Kapuscinski always rewarding
Like Shadow of the Sun, The Emperor exhibits Kapuscinski's taught, impressionistic style. The Emperor paints a picture of the court of Emperor Haile Selassie. Kapuscinski puts his reporter skills to work to track down the remaining, aging, hidden courtiers from Ethiopia's last monarch. Those courtiers (or Mr. Kapuscinski's editing) speak eloquently of the height, decline and fall of Solomon's last imperial court.
Once again, Kapuscinski does not offer any overt analysis. Nor does he offer traditional historical narrative. Rather, through his own great travels and writing, he transports us to the end of an era in one of Africa's exceptional kingdoms.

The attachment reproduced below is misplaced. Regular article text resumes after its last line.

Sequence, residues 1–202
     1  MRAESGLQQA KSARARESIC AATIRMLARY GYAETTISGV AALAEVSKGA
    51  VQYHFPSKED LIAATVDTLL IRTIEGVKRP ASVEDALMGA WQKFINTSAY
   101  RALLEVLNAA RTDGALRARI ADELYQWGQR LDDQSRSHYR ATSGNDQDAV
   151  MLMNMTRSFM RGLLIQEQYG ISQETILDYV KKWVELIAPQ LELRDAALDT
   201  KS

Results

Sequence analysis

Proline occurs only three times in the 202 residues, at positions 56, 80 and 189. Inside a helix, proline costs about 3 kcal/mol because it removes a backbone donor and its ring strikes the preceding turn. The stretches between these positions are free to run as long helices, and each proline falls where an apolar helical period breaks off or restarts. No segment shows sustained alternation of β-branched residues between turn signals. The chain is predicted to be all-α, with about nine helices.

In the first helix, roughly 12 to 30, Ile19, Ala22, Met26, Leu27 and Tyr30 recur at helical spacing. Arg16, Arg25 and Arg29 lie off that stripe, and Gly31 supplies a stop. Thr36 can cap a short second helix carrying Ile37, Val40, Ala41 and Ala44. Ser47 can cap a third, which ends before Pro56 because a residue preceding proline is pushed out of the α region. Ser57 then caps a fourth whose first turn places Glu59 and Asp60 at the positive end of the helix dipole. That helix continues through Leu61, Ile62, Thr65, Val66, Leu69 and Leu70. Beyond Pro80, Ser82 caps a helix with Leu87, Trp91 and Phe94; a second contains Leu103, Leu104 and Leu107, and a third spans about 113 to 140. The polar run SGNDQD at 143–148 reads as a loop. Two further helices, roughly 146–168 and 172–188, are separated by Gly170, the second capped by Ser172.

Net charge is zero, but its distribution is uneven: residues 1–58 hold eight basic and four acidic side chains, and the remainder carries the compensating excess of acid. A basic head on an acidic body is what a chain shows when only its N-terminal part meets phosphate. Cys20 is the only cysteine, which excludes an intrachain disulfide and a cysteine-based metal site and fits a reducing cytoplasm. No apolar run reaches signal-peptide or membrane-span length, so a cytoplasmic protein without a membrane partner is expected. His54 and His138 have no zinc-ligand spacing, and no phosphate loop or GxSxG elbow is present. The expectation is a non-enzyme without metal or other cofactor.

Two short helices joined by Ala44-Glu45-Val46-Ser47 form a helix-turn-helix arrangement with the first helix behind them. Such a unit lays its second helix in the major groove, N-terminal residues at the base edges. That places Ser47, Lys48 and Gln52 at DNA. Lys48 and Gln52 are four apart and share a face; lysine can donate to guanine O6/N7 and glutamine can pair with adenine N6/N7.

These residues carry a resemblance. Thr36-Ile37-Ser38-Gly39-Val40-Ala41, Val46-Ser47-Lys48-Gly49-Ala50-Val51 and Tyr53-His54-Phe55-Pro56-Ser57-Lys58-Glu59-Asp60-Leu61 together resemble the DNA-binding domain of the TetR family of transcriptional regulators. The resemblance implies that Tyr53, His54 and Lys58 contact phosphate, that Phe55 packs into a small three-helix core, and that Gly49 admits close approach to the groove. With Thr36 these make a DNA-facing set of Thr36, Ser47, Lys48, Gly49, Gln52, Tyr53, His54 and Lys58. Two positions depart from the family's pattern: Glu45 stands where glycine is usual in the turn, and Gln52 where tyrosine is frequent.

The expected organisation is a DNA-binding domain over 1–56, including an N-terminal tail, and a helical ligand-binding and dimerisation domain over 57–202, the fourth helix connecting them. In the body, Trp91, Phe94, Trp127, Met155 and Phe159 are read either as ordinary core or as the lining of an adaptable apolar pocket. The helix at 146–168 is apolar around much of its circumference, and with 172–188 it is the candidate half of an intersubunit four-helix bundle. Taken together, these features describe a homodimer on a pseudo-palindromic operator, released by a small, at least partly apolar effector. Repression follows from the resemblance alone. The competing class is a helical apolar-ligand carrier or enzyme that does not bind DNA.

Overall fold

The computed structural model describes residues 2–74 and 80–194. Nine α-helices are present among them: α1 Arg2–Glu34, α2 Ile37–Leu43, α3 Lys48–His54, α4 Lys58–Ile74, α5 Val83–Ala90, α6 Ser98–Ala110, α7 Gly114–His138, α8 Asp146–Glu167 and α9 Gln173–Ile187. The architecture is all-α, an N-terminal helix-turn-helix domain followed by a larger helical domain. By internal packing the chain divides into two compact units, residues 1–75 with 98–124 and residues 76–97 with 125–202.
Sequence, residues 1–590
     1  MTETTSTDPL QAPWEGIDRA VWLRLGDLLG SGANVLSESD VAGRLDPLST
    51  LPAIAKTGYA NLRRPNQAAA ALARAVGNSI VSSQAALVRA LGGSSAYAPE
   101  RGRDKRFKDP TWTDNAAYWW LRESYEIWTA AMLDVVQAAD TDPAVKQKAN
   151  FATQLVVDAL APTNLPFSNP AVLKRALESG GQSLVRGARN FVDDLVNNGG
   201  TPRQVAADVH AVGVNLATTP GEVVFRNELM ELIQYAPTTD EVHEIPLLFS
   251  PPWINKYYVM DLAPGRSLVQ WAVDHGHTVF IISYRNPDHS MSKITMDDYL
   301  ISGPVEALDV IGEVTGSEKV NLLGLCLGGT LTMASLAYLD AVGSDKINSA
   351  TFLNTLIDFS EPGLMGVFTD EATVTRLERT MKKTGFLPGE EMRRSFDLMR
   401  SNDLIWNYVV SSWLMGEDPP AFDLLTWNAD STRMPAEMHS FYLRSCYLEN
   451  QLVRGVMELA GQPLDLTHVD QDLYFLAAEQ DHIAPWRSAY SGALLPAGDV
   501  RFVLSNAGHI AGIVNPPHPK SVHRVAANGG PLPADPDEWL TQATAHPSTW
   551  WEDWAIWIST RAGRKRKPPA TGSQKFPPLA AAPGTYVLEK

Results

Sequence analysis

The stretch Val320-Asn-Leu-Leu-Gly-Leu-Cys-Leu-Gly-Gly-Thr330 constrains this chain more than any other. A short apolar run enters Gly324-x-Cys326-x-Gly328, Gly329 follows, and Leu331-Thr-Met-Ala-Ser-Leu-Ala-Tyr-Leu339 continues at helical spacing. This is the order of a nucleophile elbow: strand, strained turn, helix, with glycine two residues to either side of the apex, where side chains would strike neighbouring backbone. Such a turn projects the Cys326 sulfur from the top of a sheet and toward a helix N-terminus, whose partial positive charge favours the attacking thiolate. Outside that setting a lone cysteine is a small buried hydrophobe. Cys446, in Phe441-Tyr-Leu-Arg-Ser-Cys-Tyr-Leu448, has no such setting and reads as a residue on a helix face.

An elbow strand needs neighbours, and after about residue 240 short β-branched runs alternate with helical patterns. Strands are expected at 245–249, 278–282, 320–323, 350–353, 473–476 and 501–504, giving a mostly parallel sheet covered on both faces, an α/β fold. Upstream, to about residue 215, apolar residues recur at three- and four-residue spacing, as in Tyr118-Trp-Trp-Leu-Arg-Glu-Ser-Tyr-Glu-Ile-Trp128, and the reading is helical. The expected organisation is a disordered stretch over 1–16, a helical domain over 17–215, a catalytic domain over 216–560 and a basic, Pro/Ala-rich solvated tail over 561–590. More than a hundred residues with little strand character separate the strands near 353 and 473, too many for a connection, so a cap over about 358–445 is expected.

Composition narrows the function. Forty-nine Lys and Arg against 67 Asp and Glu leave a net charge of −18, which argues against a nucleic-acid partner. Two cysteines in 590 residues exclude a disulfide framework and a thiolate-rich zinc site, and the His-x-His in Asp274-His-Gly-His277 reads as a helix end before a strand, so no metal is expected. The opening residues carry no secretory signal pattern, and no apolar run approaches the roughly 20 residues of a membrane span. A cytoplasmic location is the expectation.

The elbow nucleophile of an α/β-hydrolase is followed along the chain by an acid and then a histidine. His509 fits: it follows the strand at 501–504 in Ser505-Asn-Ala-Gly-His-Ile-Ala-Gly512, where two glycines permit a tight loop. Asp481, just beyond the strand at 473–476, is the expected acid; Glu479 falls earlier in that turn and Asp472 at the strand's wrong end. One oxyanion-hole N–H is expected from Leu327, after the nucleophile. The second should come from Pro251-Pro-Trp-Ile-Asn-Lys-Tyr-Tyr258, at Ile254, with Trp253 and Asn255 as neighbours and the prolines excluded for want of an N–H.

Much like Montefiore's treatment of Stalin, the Emperor creates an impression of its subject primarily through the prism of the courtiers, rather than the man himself. This is a unique and important book both for its style and historic value. However, Shadow of the Sun offers an easier and more rewarding introduction to Kapuscinksi's work.